Residence Permit Types ?

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odon
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Post by odon » Fri Oct 21, 2005 5:05 pm

Hello........

i got Visa type A2 on 31.02.2002 and after 2 yrs on this on 2004 i got permanent residence, i will send u by pm the address of the lawyer....i happened to have his card!!

goodluck..... :)



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EphesusExtra
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Post by EphesusExtra » Fri Oct 21, 2005 10:12 pm

Jeezz... And I had thought that the bureocracy in Turkey was a pain in the ass.. Well I dont know how to refer it after seeing the process in Finland and reading daryl's very useful advices. Good luck dark. I mean it :P
In soviet army it takes more courage to go retreat than to advance..Stalin


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daryl
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Post by daryl » Tue Nov 01, 2005 12:30 am

Just by way of an addendum to a remark that I posted here a while back. The Helsinki police have just agreed to issue appeal instructions for a worker's residence permit decision made in September 2004. In a few days I shall file appeals at the administrative court concerning this 14 month-old decision AND the decision on a continuation permit made in October of this year.

The police seemed genuinely suprised at what they have been forced to do in this case, but the plain fact of the matter is that their procedures have not yet fallen completely into line with the laws governing appeals in administrative matters, even though they have been issuing appealable residence permit decisions for several years.

I now freely predict that we shall soon see an end to the practice of simply returning the passport with a sticker in it. No public authority can live with the prospect that its decisions can remain legally uncertain indefinitely.

T: daryl

[quote="daryl"]The ordinary appeal period is 30 days counted from the day after the appeal instructions were provided. I understand that in some cases the police simply hand back the passport with a permit stamp. The appeal period in these cases effectively remains open indefinitely, as appeal instructions have not been provided. In such cases a concerned party simply requests the missing appeal instructions and then has 30 days to appeal [section 16 of the Administrative Judicial Procedures Act].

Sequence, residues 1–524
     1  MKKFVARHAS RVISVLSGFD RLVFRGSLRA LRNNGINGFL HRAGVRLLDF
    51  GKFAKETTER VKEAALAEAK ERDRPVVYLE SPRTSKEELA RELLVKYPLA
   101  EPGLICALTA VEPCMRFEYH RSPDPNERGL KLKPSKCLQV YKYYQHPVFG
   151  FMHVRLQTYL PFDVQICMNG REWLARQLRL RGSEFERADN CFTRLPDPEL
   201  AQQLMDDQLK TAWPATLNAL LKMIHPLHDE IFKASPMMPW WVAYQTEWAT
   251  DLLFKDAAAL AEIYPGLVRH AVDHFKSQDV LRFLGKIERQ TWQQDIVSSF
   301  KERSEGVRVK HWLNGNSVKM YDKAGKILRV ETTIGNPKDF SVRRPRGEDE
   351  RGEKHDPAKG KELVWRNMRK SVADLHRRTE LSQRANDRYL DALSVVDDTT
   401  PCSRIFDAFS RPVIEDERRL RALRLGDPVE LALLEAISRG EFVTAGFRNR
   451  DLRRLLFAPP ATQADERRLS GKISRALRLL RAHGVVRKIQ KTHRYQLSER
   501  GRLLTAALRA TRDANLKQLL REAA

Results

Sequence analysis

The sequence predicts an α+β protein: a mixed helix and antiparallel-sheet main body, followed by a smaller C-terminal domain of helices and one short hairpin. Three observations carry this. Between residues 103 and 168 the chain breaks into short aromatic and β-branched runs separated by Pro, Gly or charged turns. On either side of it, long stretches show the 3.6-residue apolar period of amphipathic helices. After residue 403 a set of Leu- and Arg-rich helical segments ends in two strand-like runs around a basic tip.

vikas_aggarwal11
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Hi

Post by vikas_aggarwal11 » Mon Feb 27, 2006 12:44 pm

Hi,

I have a very simple question.

What exactly is a permanent residence permit.

If I get Permanent residence permit in Finland does that mean that I can stay through out Europe anytime for as much as duration I want.

How is permanent residence permit different from citizenship?

Regards,
-Vikas


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sinikettu
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Re: Hi

Post by sinikettu » Mon Feb 27, 2006 1:03 pm

vikas_aggarwal11 wrote:Hi,


What exactly is a permanent residence permit.

If I get Permanent residence permit in Finland does that mean that I can stay through out Europe anytime for as much as duration I want.

How is permanent residence permit different from citizenship?

Regards,
-Vikas


1: permanent residence permit. allows you to reside permanently in FINLAND you can apply for one when you have resided here for I believe at least 5 years..in a permanent address..application is made at the local police station.

2: As a permanent resident you are still a citizen of India..you have an Indian passport...your travel out of Finland is still by use of that passport and any visa needed by an Indian citizen will still be needed.

3: If you apply for and are granted Finnish citizenship...you then are treated as a Finn and can travel/reside where ever as a full member of the EU.


Reading material here:
http://www.uvi.fi/netcomm/Default.asp?language=EN


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Hank W.
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Post by Hank W. » Mon Feb 27, 2006 1:57 pm

If you are a resident you live in Finland.
If you are citizen you are Finnish.

These are neither mutually inclusive nor exclusive.

A Chinese citizen can be a resident of China.
A Chinese citizen can be resident of Finland.
A Finnish citizen can be a resident of China.
A Finnish citizen can be a resident of Finland..
Cheers, Hank W.